While The Scheme and Misty Blue were both for the PC, Koshiro entered the Sega Genesis market when he composed for The Revenge of Shinobi. His transition to the Genesis went smoothly, as the sound chip for the system is so similar to that of the PC-88 that for Shinobi, he first wrote the music on the 88 and then ported it straight to the Genesis (2).
However, things did not go as smoothly when writing for the Super Nintendo at first2. The development kit was not kind to Koshiro, but he was in luck: the director of his first SNES game, Masaya Hashimoto, was a programmer for the Ys series. Knowing that Koshiro would not be content with doing less than he knew he was capable of doing, Hashimoto created a sound driver that was much easier for him to use. The result was the soundtrack to ActRaiser (1990). Though he was not originally aiming to make an orchestral soundtrack, Koshiro could not help himself since the SNES could produce a string sound more easily than other systems with which he had worked (3). Amazingly enough, having not composed such a score before, ActRaiser was written “entirely by instinct.” This soundtrack ended up being one his favorite works (4).
Koshiro’s family founded a company called Ancient that worked mostly on Genesis titles in the 16-bit era, and as a result he would not write for many more SNES games (though he would work on more, including Super Adventure Island in 1992) (2). Ancient would produce Sonic the Hedgehog for the Sega Master System in 1991 (to which Koshiro wrote three new tracks) as well as Streets of Rage 2, a game that held another one of Koshiro’s favorite works (3,4).
Koshiro’s music for the first and second Streets of Rage games (1991-1992) would once again thrive on his dance music composition chops. By then, early '90s house and hip-hop music was on the rise, and it fueled Koshiro while he wrote the soundtracks (3). For Streets of Rage 3 (1994) there was an extra element added to Koshiro’s own musical workings: using C++, he created a program that would generate randomized sequences, adding a new flavor to a familiar feel.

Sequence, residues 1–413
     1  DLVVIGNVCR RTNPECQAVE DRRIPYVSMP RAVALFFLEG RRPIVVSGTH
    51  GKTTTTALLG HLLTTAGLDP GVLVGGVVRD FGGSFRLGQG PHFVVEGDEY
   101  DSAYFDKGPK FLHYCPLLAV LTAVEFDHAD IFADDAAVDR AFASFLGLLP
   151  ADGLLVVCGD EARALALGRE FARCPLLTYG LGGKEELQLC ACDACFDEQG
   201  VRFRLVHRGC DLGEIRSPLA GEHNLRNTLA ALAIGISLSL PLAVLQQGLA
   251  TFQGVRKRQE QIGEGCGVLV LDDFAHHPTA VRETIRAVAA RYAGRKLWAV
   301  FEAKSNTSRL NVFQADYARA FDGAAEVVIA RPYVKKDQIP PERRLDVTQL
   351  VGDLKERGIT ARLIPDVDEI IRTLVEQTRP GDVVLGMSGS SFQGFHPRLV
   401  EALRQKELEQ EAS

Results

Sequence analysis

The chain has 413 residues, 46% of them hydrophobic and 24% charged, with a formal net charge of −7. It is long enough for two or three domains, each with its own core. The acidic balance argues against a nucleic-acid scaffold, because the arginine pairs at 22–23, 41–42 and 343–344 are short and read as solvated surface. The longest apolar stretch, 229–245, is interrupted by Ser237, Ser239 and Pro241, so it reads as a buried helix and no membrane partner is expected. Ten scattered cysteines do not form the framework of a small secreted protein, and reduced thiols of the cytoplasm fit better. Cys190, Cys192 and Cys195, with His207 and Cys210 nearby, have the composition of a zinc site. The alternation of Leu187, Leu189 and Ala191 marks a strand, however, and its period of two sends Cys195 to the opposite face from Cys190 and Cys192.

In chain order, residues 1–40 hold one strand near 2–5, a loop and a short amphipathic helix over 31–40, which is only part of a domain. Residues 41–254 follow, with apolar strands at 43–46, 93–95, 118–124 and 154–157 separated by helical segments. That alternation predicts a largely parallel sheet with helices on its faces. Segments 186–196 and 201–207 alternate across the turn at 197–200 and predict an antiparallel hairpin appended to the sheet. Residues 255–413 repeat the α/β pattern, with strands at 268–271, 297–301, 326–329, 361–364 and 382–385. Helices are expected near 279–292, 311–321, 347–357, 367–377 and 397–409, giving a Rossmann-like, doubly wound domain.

Alongside being waist-deep in writing dance music, Koshiro submerged himself in classical styles in the mid-nineties. The first result was an experiment in 20th century atonality and polytonality: the soundtrack to Beyond Oasis, a 1994 Genesis title (3). This music is horrifying. I don’t think anything says my true feelings about it like my initial reaction in a chat to my friend, Brandon. Note the extreme tension, disarray, and disjointedness in my type (rated PG-13):
me: this ost scares the shit out of me I feel like I’ve been listening to it for 30 minutes But really I’ve only listened to it for like 15 max wait maybe 20 maybe I have been listening to it for 30… it’s seemed like hours forget that I said 30 earlier HOURS 30 HOURS
Brandon: this is crazy Carol is not amused her initial reaction “a swamp. fire. dire fight scene.”
me: lol so crazy the whole soundtrack is like I don’t know it’s hard to listen to I don’t know how anyone ever approved it for a game i’d guess that they were like “do your thing” and then the game needs to be released the next day and he comes in with that shit and they’re like “o.o umwhatthefuck umiguessokaylet’sjustuseit”
Don’t confuse my terror for thinking that it’s bad. Yes, it’s crazy. Yes, I believe everything I said above. I have absolutely no idea how Koshiro got away with this soundtrack because it is so unpleasant to listen to casually that I don’t see anyone approving it. He wrote geometry here. And the sounds of the Genesis amplify that geometry. Squares to cubes. Cubes to hypercubes.